Monday, October 10, 2011
Rant: Flipper, Fear Northeast Fishermen
The National Oceanic and Atmospheric Administration (NOAA) has released a lengthy U.S. National Bycatch Report, its first national report on bycatch, the incidental capture of marine mammals, sea turtles, seabirds and fish that are not kept. The report is based on data from 2005 and is only an estimate, as they did not possess complete data. If you peruse the report, you will get a complete picture of what data was available to them, and despite any shortcomings, it seems complete enough to make an educated estimate of the situation. But, we still need to note that the data was incomplete, and that the bycatch issue is likely to have improved to some degree since 2005.
The NOAA report concluded that about 17% of the fish commercially caught is bycatch, and that varies from region to region. For example, in the Northeast region, which includes New England, the figure is closer to 16.5% bycatch. Numerically, the Northeast landed about 1,006,370,000 pounds of fish and the bycatch constituted 165,888,000 pounds. Other organizations, including FAO and Ocean, previously estimated bycatch at 22%, so this report is more positive, though considering the margin of error the figures are not too disaparate.
What really stood out to me though was the high amount of bycatch of marine mammals and sea turtles in the Northeast region. The bycatch of marine mammals equalled 1,287, broken down by harbor porpoises (652), Atlantic white-sided dolphins (355), common dolphins (151), and long- and short-finned pilot whales (65). This total is over 1000 higher than any other region, which makes it very troubling. The amount of sea turtles was 1,062, also high and second only to the Southeast region. All of this bycatch was largely caused by the use of gill nets and otter trawls.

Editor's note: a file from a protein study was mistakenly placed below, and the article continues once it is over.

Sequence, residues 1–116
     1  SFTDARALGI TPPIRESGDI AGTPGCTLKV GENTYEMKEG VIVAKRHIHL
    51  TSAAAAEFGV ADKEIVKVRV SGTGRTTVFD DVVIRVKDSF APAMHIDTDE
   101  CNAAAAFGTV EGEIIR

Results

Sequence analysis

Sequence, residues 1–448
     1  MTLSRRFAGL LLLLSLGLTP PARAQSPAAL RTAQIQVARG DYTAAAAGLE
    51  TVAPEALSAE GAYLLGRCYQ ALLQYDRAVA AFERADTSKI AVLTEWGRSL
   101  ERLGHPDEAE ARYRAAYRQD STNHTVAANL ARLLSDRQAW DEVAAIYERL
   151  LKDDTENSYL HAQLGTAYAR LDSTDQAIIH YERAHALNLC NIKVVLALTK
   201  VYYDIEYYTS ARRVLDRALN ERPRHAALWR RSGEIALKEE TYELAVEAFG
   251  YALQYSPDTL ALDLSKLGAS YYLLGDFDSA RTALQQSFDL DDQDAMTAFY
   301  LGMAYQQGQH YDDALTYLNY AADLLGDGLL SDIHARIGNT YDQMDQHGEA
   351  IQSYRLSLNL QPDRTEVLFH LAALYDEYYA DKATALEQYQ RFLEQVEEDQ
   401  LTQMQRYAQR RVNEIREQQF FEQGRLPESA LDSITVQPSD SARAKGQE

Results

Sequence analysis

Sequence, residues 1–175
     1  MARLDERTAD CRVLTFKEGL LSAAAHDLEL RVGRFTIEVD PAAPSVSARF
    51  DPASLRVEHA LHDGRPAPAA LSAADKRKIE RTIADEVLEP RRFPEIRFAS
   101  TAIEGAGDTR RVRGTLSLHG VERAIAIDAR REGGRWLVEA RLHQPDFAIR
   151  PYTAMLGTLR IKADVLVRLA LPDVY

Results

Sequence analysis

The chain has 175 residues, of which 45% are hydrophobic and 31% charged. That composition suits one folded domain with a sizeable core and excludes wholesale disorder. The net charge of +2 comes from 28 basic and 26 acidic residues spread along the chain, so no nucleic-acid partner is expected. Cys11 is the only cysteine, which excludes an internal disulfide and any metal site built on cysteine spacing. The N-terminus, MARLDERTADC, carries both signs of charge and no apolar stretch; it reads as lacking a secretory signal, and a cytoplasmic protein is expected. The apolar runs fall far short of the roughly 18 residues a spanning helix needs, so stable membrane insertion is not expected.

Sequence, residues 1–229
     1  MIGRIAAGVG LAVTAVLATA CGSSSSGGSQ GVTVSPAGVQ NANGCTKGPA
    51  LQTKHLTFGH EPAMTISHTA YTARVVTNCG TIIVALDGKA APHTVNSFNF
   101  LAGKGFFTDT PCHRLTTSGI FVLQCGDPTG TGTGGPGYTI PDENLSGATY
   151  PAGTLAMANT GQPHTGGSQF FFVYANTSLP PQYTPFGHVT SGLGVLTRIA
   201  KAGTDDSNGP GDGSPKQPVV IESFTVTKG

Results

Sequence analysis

Fortunately, the report provides advice on how to help reduce bycatch, and that needs to be a significant concern of all fishermen, especially where marine mammals and sea turtles are concerned. Items such as "weak links" and "chain mats" will partially help reduce this bycatch. But one of the most important deterrents appears to be acoustic deterrent devices, also known as “pingers.”
In a 1997 experiment off the coast of New Hampshire, pingers seemed to reduce harbor porpoise bycatch interactions with gillnet gear by about 92%. The subsequent use of pingers by commercial fishermen then reduced actual bycatch of marine mammals from 1999-2001. But a lack of compliance in later years led to increased bycatch so efforts were done to increase the awareness of fishermen. Such awareness needs to continue to protect these majestic marine mammals. Bycatch, in general, needs to be decreased by all, but especially marine mammals and sea turtles.
Ping Flipper! Save Flipper!